The University of Maryland, Baltimore’s Community Engagement Center (CEC) is making good on its campaign to “Get Out The Vote” by hosting an early voting site for the 2018 general election. Baltimore City residents can vote and register to vote at the center through Nov. 1.
Since Oct. 25, the polls have be open from 10 a.m. to 8 p.m. every day, including Saturday and Sunday. The CEC, located in the Poppleton neighborhood, adjacent to the University of Maryland, Baltimore (UMB) campus, is one of seven voting sites operated by the Baltimore City Board of Elections and the only site in the downtown Baltimore area.
“I consider it a privilege that UMB is able to host a polling place for our neighbors, that I get to join them in exercising my right to vote, and that together we can show Baltimore’s children the importance of this civic responsibility,” says UMB President Jay A. Perman, MD. “Every single election is vital. And by coming together in this way, we’re recommitting to our shared community and standing up for the people we think will strengthen us and advocate for us and uphold the values we believe are non-negotiable.”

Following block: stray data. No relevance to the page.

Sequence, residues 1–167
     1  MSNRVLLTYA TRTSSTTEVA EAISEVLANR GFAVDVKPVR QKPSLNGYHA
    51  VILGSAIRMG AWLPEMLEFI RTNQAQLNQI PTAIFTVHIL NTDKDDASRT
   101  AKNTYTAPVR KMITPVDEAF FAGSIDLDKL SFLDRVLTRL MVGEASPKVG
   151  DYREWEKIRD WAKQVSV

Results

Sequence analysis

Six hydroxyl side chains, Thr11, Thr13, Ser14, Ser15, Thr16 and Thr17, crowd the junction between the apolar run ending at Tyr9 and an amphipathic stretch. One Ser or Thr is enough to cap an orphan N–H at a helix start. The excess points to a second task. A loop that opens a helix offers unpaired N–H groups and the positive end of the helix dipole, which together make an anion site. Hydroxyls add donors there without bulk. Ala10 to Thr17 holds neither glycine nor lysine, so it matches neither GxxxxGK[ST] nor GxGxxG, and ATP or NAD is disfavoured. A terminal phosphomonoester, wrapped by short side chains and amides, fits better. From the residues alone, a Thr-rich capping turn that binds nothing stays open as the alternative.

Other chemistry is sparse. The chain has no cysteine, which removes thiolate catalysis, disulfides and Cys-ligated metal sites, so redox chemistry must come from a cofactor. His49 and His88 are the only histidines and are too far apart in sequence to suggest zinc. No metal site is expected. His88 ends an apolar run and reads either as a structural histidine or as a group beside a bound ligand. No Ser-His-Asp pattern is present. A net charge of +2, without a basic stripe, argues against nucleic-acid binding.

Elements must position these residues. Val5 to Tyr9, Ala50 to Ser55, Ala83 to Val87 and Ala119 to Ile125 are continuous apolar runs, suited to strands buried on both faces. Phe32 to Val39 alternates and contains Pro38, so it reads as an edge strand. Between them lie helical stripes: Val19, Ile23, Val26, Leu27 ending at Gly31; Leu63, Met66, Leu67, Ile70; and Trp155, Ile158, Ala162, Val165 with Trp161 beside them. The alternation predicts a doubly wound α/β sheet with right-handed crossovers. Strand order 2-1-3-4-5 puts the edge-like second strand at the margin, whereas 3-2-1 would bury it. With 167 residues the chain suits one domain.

Perman joined community members at the polls on Oct. 25, when he cast his ballot at the CEC. He also spoke with members of several organizations that spent weeks canvassing the neighborhoods to boost voter registration and maximize early voting participation.
(View an early voting photo gallery.)
“We see voting as one way for our neighbors to build political power, and we are very happy to assist in that effort,” says Kelly Quinn, PhD, the CEC coordinator.